Posted on: May 29, 2022, 07:36h. 

Last updated on: May 30, 2022, 11:33h.

A casino in Norfolk, Va., is another step closer to opening. That’s after that city’s Planning Commission supported a plan to use space at a local minor league baseball stadium for a temporary gaming venue.

Pamunkey Indian Tribal Gaming Authority EVP Rodney Ferguson
Pamunkey Indian Tribal Gaming Authority Executive Vice President Rodney Ferguson speaks before the Norfolk Planning Commission on Thursday about the authority’s plans for a temporary casino that would be located at the city’s minor league baseball park. (Image: City of Norfolk)

With a 5-1 vote at its meeting Thursday, the commission recommended a two-year conditional use permit for the Pamunkey Indian Tribe to operate a temporary casino in a vacant restaurant and boxing club at Harbor Park Stadium.

Rodney Ferguson, the executive vice president for the Pamunkey Indian Tribal Gaming Authority, told the commission that the temporary venue would hold about 625 slot machines, may also feature electronic table games, and offer a restaurant. He added that the goal is to use the temporary casino to introduce Class III gaming to the region.

The tribe and the city reached an agreement in 2020 that voters approved to build HeadWaters Resort and Casino, a $500 million development on 13 acres of waterfront property next to the ballpark.

What our property will do is allow the residents and guests to come to a facility that will be a teaser to our big facility, our more permanent facility… it will be a first step into (the) Norfolk market that will showcase what HeadWaters can actually do,” Ferguson said.

The commission’s recommendation will now go before Norfolk City Council. The Council could act on the recommendation as early as next month.

Casino officials are hoping to get approval from the Virginia Lottery Commission, perhaps as soon as July, to begin work on the temporary venue.

No Direct Access from Stadium

Reports that the ballpark would be the site for the temporary casino first surfaced in March.

The casino will be physically connected to the baseball park and views from the restaurant will allow patrons to watch a Norfolk Tides game and enjoy a meal at the same time. However, John Thompson with Golden Eagle Consulting, a development partner with the Pamunkey Tribe, told the commission that baseball officials would not allow direct access to the temporary casino from the stadium’s concourse.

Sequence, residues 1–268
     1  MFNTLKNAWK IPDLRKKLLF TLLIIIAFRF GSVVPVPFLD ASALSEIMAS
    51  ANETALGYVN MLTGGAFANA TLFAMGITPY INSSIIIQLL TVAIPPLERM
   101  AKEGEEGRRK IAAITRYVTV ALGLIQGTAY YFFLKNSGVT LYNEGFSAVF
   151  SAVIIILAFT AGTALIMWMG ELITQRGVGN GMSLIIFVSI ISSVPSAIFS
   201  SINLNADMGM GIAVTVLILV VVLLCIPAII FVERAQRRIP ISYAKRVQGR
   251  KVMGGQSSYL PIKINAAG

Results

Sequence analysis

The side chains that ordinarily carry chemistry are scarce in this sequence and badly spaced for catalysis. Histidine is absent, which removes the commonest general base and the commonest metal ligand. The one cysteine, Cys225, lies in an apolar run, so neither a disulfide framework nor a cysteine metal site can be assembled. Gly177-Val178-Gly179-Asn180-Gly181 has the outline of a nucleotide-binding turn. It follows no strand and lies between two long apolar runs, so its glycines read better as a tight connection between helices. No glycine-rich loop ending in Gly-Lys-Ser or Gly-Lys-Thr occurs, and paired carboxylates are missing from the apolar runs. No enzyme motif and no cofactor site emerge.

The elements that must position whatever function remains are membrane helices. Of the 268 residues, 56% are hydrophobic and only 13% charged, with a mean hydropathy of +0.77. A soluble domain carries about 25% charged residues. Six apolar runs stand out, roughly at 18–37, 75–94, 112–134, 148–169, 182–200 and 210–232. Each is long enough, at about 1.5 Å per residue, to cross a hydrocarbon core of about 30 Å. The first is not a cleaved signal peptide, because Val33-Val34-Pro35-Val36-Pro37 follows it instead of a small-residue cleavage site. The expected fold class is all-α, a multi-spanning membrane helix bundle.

That means anyone watching the Triple-A baseball team who would want to play the slots would have to physically leave the stadium and walk around to the casino entrance on the first base side of the park.

As part of the agreement to operate the temporary casino at the park, Thompson said HeadWaters would pay the Tides $175,000 to cover upgrades for the stadium’s kitchen facilities. That would also move the kitchen closer to the ballpark’s concessions located on the third base side.

That agreement, though, is also contingent on the City Council approving the conditional use permit.

Security Concerns Arise

One of the main issues that arose from Thursday’s meeting was concerns about safety for casino patrons and the surrounding area.

The Norfolk Civic League spoke in opposition to the proposal, citing concerns that the casino would stretch the city’s police patrols responsible for covering downtown. The group did receive an 88-page security plan from casino officials just prior to the commission meeting. But Civic League Vice Chair Preston Carraway said the organization would need to review that first before it could get behind the temporary casino.

The lone “No” vote came from Commissioner Kim Sudderth, who said she also needed to see the security plan before she could support it.

Ferguson gave the commission details about the security plans for the temporary venue before Carraway spoke and its members voted. The plan includes hiring and training 45 security officers that will monitor the casino around-the-clock. The casino will also come equipped with detection equipment to keep weapons and items like pepper spray out of the facility.

HeadWaters executives also have had discussions with a third-party security firm that also does work in the area to patrol the parking lot and surrounding areas.

“We take it very seriously,” he said. “We know that when a person comes to the facility, when the person is at the facility, when the person leaves the facility, they want to feel safe. If you don’t feel safe, you’re not going to come back. So, it’s been at the top of our list.”